On a historical word choice of Dave Eggers

On a historical word choice of Dave Eggers

Regarding Dave Eggers choosing the word “critic” in advice he gives in a 2000 interview on “selling out:”

I remember wishing he’d used some term other than “a critic” — a term too easily mistaken for a profession, a position — when what he really means is a critical person: the Merriam-Webster 2. definition of critic (“one given to harsh or captious judgment”), rather than either the 1a. (“one who expresses a reasoned opinion” on matters of “value, truth, righteousness, beauty, or technique”) or 1b. (“one who engages often professionally in the analysis, evaluation, or appreciation” of art). If he meant that last one, all he’d be saying is that he made a spectacularly shitty critic, which is not his point — although he does seem happy to let the lines blur between these things, to let it be inferred that critics are merely critical, just like it says on the label; this is what’s known in the world of not-saying-YES as a “dick move.”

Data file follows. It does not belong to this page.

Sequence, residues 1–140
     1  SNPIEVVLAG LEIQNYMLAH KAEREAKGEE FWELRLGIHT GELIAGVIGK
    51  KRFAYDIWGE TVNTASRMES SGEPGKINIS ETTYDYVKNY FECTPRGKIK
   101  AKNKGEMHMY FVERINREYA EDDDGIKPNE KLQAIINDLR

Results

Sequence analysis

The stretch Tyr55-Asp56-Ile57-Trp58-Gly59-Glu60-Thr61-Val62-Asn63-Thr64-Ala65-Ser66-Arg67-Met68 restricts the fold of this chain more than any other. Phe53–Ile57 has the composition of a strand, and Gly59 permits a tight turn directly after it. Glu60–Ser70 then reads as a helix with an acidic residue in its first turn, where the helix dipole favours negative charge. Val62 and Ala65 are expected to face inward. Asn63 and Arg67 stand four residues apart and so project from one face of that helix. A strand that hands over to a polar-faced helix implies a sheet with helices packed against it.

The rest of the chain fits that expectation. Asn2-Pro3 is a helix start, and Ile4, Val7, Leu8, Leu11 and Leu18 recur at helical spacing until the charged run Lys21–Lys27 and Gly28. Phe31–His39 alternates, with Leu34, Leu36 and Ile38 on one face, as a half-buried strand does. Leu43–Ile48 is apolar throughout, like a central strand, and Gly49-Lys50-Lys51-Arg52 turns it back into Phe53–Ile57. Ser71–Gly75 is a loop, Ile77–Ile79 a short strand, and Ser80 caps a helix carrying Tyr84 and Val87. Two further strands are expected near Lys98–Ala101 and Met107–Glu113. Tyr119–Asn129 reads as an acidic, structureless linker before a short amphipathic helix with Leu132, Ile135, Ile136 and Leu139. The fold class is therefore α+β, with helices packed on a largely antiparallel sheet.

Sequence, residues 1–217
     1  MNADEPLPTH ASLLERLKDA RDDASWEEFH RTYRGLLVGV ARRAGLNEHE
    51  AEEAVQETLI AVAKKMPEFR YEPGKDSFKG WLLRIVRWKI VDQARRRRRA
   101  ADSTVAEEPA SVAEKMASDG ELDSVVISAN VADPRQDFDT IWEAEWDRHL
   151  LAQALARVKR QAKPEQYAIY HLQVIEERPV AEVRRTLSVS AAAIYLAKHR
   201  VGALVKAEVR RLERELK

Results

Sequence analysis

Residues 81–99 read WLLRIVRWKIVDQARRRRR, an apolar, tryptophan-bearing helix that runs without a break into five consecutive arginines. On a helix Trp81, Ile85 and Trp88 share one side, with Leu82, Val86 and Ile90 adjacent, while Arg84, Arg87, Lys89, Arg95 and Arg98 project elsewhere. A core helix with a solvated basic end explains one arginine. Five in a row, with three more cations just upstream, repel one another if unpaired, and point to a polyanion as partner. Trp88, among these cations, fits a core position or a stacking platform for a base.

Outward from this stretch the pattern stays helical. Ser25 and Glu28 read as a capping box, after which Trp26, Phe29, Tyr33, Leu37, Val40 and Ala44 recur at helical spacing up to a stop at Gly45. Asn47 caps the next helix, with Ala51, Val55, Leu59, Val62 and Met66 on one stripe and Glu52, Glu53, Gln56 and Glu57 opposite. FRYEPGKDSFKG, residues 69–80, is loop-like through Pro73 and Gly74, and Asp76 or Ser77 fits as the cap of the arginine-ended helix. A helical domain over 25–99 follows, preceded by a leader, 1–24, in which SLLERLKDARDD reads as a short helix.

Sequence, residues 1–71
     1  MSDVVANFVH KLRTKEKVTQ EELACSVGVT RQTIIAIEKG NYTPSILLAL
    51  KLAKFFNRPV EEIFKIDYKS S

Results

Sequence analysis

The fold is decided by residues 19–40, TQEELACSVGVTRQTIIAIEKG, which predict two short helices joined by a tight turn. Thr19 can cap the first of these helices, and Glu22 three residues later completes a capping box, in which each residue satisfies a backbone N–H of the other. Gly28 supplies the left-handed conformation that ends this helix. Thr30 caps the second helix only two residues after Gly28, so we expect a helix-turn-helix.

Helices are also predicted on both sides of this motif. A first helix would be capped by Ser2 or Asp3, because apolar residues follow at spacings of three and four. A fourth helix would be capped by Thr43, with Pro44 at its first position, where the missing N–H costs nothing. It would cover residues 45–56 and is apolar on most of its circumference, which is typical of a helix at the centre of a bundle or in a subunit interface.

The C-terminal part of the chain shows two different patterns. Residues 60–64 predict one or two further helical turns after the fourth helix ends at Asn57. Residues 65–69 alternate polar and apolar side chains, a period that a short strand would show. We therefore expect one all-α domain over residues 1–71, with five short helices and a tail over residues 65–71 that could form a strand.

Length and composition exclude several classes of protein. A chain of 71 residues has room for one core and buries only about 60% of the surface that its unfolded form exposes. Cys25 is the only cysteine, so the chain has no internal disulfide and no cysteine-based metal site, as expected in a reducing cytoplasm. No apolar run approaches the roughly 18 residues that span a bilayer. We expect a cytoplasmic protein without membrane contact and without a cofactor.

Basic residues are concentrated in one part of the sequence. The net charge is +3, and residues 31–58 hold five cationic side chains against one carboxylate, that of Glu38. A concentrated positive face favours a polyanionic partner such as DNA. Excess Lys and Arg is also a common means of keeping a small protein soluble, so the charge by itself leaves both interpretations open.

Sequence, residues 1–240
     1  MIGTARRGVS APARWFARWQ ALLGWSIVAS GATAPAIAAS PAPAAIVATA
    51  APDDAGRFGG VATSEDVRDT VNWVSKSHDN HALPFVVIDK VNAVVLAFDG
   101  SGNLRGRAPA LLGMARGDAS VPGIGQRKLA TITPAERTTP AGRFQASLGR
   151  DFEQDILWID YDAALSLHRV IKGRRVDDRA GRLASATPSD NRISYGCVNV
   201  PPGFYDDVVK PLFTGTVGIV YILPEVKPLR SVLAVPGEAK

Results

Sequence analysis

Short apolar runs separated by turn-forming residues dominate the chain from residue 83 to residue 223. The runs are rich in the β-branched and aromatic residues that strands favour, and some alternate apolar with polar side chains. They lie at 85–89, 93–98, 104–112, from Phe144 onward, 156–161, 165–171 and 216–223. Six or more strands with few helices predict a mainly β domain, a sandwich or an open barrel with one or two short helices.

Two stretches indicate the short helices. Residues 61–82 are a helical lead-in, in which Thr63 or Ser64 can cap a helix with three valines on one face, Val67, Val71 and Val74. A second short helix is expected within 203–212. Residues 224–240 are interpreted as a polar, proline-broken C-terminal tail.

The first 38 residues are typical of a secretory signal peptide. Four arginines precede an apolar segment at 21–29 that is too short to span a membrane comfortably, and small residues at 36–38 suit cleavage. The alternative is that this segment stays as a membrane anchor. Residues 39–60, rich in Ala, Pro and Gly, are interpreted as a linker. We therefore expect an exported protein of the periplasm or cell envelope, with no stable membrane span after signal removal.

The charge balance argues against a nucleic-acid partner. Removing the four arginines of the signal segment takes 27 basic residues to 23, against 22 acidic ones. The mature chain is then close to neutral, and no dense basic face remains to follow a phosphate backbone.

Really what he’s telling in this paragraph is the story of an age cohort, or at least a certain segment of one.


[M]eanwhile along come a whole bunch of younger people for whom these issues are not all that vexed or pressing, people who are fluent in irony and sincerity both and don’t need to be told how to love earnestly, people for whom “say YES” is not a profound and meaningful shift in mentalities but just a stitched-sampler reminder of something very, very basic, and maybe in this sense every generation digs a hole and then goes around preaching about the importance of climbing out of it while young people nod politely at them and dig different holes entirely.